4 May 2010, I arrived in a region and country I was barely aware of, this was my introduction to a career in the port and container terminal industry.
The task was to refurbish 10 x Noell RTG (rubber tyre gantry) cranes. The assignment was due to last for 3 months, however, it ended up consisting of 5.5 months in Dubai followed by 5 months in Tarragona, Spain.
The conditions were extremely tough! If you’ve been to Dubai you know the feeling of the heat you can barely escape. Arriving in May wasn’t so bad, however it soon heated up. We had a digital thermostat with the sensor outside. The hottest day we recorded it was 53.1ºC. Of course official figures will never top 49.9ºC.
I learnt a lot on this project as my first taste of working with PLC (programmable logic controllers) and VSD (variable speed drives). The major works involved in upgrading Siemens S5 to S7 PLC. Each crane required rewiring of the e-houses and completely replacing the crane cabin consoles. This was hot, dirty, tedious work. Often I would take my lunch and 2L of water up to the cabin and stay there for the day. It wasn’t worth exhausting the energy by coming down again, and once in the air-conditioned office it was challenging to leave!
I taught myself how to drive these 130 tonne machines, as I became the commissioning electrician to tested the cranes functions repeatedly prior to shipment. We set all the limits and safety features and then I would drive each crane to the quay-line for loading. Aboard the ship I would carefully drive the crane into position, sometimes just 2 meters from the edge!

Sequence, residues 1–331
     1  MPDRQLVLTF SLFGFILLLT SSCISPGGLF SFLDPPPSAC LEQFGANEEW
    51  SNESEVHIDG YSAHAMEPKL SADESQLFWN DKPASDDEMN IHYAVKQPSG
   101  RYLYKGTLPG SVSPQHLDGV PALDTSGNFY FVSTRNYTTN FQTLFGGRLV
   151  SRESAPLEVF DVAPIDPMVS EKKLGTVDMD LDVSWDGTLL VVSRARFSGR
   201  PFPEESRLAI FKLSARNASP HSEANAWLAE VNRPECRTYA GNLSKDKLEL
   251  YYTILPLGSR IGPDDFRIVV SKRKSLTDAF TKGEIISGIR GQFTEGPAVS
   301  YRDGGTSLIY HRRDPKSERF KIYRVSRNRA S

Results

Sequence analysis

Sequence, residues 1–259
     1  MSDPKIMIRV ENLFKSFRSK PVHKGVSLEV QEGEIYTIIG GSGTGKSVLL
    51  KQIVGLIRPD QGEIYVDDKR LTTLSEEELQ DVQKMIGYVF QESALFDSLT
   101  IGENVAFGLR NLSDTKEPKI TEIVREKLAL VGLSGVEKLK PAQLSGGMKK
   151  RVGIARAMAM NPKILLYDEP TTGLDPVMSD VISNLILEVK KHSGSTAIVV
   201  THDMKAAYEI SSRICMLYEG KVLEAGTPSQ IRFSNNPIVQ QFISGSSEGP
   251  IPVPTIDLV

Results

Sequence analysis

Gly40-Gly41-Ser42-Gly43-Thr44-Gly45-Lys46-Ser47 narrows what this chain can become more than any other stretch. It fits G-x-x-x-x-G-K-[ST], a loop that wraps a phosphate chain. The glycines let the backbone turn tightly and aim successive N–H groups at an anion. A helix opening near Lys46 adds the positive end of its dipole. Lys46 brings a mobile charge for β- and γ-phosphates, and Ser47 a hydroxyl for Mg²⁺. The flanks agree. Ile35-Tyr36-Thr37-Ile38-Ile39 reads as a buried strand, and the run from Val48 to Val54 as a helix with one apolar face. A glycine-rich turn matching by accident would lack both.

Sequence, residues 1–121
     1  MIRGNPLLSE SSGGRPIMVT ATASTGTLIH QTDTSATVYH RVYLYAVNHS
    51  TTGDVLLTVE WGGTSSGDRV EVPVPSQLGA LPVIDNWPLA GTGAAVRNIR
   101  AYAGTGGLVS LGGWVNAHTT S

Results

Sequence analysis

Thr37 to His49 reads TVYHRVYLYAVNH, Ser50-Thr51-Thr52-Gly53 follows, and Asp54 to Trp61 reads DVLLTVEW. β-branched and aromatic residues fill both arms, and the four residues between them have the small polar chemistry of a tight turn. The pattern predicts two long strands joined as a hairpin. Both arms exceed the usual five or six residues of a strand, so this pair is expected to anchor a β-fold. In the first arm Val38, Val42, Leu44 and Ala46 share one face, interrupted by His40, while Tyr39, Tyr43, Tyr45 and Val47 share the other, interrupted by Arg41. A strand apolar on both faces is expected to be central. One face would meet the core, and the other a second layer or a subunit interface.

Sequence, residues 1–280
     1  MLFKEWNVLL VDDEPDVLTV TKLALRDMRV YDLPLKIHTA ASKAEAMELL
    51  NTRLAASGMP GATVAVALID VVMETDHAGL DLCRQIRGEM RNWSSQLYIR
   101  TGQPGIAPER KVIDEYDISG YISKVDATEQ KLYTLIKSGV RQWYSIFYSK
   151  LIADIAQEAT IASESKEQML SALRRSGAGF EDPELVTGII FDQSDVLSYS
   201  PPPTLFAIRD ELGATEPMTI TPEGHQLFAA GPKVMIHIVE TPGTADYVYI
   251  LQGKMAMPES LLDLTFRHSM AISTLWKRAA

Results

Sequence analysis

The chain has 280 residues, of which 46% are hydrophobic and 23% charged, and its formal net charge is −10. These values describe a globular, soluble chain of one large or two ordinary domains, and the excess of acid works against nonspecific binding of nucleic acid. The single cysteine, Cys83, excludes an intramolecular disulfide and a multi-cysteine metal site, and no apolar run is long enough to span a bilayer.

We worked with a team of up-to 20 welders and fabricators who helps repair sections of the crane and prepare the mounting for a new Caterpilla diesel generator set. These guys were from India, Pakistan, Bangladesh and the Philippines. With such a diverse group I got to learn about their culture, for example Bob was from a small island called Ilo Ilo, and he used to show me photos of how white the sand was. Ever since then I wanted to visit the Philippines and in 2015 I got to.
One of my most vivid memories is nearing the end of the job it was Arun’s birthday (far back right, next to me) and he bought everyone KFC!
It’s not lost on me that those guys may still be there, working hard and sending money home for their families. Many of them had wives and children in their home countries. I believe these guys were treated pretty well, and the company is still successfully running doing similar works. The director reached out to me via LinkedIn recently and said they are doing well.